Victoria Cross & Bar ONLY three have ever been awarded & here are the three recipients

Britain’s highest military honor is the Victoria Cross for conspicuous acts of gallantry. Created in January 1856, only 1,357 have been awarded.

One three men in the history of the award have received more than one Victoria Cross. Receiving a second Victoria Cross enables the recipient to add a bar to the ribbon of the medal.

Bars, or clasps, are typically awarded either for receiving the same award more than once or for battles or campaigns if the medal is for a particular war.

As an example of the latter case, the Crimea Medal had multiple bars available to those who fought in particular battles during the Crimean War.

Lt. Col. Arthur Martin-Leake

NPG x85129; Arthur Martin Leake by Bassano
Lieutenant Colonel Arthur Martin-Leake, before being awarded his second VC

Lt. Col. Arthur Martin-Leake of the Imperial Yeomanry was the first to receive a second Victoria Cross. The first was from his actions in the Boer War in 1902. Martin-Leake went to help several wounded soldiers during a battle at Vlakfontein.

While aiding a wounded officer, he was shot three times. He refused aid for himself until others had been treated. Due to his injuries, he was sent back to Britain where he continued his medical studies.

In 1914, at 40 years of age, Martin-Leake signed up for the Royal Army Medical Corps in World War I.

He rescued a number of injured soldiers in Zonnebeke during fighting there. He received the bar for his actions. He survived the war, and died in 1953.

Capt. Noel Godfrey Chavasse

Captain Noel Chavasse, RAMC

Capt. Noel Godfrey Chavasse also joined the Royal Army Medical Corps.

He received his first Victoria Cross in 1916 for saving 20 wounded men in the line of fire in No Man’s Land by Guillemont, France. He carried several of the men 500 yards under enemy fire.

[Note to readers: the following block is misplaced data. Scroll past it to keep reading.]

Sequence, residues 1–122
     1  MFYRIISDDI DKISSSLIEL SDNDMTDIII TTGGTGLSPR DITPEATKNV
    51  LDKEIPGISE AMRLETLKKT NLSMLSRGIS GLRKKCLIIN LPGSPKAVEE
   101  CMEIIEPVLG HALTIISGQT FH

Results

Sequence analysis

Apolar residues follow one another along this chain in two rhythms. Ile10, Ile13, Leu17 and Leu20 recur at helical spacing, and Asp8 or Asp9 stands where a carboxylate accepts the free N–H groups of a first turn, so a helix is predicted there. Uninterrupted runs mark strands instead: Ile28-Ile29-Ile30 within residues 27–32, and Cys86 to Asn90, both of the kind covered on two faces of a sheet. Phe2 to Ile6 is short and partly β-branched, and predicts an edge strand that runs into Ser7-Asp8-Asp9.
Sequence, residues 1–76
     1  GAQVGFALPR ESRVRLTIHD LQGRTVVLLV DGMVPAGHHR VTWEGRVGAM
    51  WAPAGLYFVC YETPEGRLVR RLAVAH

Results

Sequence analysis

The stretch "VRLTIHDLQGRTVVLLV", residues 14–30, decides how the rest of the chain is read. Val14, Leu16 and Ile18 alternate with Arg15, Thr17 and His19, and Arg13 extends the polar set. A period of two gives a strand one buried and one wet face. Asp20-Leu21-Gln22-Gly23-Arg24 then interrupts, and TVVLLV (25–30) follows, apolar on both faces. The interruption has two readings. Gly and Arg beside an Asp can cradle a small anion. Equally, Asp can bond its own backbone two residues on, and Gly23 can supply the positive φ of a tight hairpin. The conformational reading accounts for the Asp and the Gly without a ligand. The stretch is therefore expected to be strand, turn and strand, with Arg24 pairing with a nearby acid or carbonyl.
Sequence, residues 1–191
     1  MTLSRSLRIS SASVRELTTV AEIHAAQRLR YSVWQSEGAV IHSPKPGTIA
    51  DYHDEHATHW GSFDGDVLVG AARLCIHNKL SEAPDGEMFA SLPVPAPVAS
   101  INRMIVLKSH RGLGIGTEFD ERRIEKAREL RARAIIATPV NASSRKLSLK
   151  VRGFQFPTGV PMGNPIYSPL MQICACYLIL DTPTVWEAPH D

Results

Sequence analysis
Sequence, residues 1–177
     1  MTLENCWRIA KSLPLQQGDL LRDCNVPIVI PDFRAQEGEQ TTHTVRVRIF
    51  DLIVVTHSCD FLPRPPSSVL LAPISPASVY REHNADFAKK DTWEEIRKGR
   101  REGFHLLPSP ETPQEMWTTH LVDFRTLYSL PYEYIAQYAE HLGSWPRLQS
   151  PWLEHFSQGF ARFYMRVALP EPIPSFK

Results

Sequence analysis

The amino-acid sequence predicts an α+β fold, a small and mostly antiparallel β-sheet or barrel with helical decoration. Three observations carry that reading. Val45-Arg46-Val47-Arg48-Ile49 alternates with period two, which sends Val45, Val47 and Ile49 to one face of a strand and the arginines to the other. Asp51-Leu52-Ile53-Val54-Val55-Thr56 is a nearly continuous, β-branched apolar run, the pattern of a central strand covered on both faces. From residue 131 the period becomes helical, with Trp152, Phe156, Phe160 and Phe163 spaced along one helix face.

One year later, Chavasse was wounded in action at Wieltie, Belgium. He continued to treat wounded men and search No Man’s Land for more injured troops until he was exhausted from his own wounds.

He died in August 1917. He is the only recipient to receive two Victoria Crosses for actions in World War I.

Charles Upham, double Victoria Cross winner.

Captain Charles Upham, 20th Infantry Battalion (New Zealand)

When you have thrown on your first Victoria Cross, you have entered an elite fraternity in the history of war that commands the respect of all those to ever wear a uniform.  When you have earned your second and lived to tell about it, you are suddenly the only combat soldier to have ever done so.  Only three men in history have earned a second VC. The other two who managed this feat were medical officers: Col A Martin-Leake, who received the decoration in the Boer War and the First World War; and Capt N G Chavasse, who was killed in France in 1917. Chavasse’s family was related to Upham’s.

As such, the world should pause for a moment and take in the unsurpassed gallantry displayed by the man from New Zealand that the Germans couldn’t seem to keep down.  Charles Upham picked up his first Victoria Cross in Crete in 1941 where his citation contained so many individual acts of gallantry it is hard to pick out the one that put him over the top.

His second Victoria Cross would come during the First Battle of El Alamein in 1942 that would end with him bleeding out, unable to move, and subsequently captured by the Germans.  As a POW, he made so many attempts to escape that he was finally interned at Colditz Castle for the remainder of the war.  When he would emerge in 1945, he would do so as the only man to receive two Victoria Crosses in the war – a source of great pride for New Zealand .